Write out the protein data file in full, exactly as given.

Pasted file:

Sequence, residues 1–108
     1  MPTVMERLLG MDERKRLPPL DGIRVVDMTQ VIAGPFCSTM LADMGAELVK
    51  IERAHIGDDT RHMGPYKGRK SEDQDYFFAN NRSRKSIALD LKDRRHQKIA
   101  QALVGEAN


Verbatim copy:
Sequence, residues 1–108
     1  MPTVMERLLG MDERKRLPPL DGIRVVDMTQ VIAGPFCSTM LADMGAELVK
    51  IERAHIGDDT RHMGPYKGRK SEDQDYFFAN NRSRKSIALD LKDRRHQKIA
   101  QALVGEAN